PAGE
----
The economy needs urgent attention from the new government
The popular mandate of the elections is not reflected in the economics statisticsUpdated: Jun 02, 2019, 19:16 IST
Narendra Modi has just started his second innings after an overwhelming mandate from the people of India. This is clearly, at least politically, an endorsement of the performance of the first Modi government. However, economic statistics tell a different story. Gross Value Added (GVA) growth in India has fallen continuously between 2016-17 till 2018-19. GVA growth in the quarter ending March 2019 was 5.8% — the lowest since the June 2014 quarter, when Mr Modi assumed office. The agricultural component of GVA in March 2019 actually registered a decline. In another development, the government has finally released the first Periodic Labour Force Survey (PLFS) report, which shows unemployment to be 6.1%, a four decade high, in the country. To be sure, the numbers aren’t exactly comparable to the ones in previous Employment Unemployment Surveys conducted by the National Sample Survey Office. However, it is hard to argue that the current employment scenario is not worrisome. The short point is, this government has inherited a slowing economy and rising unemployment. Because the legacy is its own, it cannot even shift the blame.
So, what should the government do? It needs to decide on both short-term and long-term measures. Some sectors of the economy might be in need of immediate support. Although the India Meteorological Department has predicted a normal monsoon, the government should work out a detailed plan to support farmers in case the rains fail them. Similarly, public works, many of which may have got stuck thanks to the enforcement of the Model Code of Conduct during elections, should be expedited immediately. Such measures, necessary as they are, cannot be of use in the long-term. India’s growth story in the recent period has been a consumption-driven one. This can only take us up to a point. India needs investment demand to take our growth rate to double digit levels. While capital formation growth has increased in the last couple of years, it is still not close to what it used to be in the pre-crisis phase (16.5%, 13.9% and 16.3% in 2005-06, 2006-07 and 2007-08).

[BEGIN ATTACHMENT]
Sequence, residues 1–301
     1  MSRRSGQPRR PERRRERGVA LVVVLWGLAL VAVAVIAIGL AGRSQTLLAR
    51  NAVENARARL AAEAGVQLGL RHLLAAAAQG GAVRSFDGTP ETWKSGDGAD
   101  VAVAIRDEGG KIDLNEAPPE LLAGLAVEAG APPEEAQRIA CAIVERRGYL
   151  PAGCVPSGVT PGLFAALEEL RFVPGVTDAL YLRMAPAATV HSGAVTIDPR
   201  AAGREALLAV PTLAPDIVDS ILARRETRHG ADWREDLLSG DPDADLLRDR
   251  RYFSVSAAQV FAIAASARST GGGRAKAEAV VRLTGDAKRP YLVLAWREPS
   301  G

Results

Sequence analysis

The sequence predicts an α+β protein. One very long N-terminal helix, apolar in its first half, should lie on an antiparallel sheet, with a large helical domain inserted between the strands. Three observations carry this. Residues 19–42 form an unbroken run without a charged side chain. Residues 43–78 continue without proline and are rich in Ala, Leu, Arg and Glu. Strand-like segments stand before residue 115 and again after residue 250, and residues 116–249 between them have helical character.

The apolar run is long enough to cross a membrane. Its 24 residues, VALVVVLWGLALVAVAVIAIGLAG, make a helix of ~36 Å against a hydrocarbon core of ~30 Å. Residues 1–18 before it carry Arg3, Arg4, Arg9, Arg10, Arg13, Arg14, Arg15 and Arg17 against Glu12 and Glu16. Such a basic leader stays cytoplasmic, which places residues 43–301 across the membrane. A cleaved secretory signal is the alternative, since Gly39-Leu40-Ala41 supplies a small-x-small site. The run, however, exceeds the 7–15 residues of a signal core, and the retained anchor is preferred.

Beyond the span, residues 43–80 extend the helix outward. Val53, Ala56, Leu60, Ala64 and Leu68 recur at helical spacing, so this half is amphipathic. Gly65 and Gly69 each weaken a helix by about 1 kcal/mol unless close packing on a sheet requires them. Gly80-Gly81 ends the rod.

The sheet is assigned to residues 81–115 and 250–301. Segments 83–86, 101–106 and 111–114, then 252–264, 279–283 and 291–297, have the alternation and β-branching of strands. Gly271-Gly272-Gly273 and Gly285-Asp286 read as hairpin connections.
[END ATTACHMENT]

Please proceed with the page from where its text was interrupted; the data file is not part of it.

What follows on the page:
This government credits itself for improving India’s rankings in indicators such as Ease of Doing Business. It has also had some relief on the monetary policy front with the Reserve Bank of India lowering interest rates in the last two monetary policy reviews. All of these developments are expected to boost investment activity, which, in turn, has a multiplier effect on incomes. If these channels are not working, the government should probably explore other options, including that of public investment leading the charge in staging a recovery from the economic slowdown.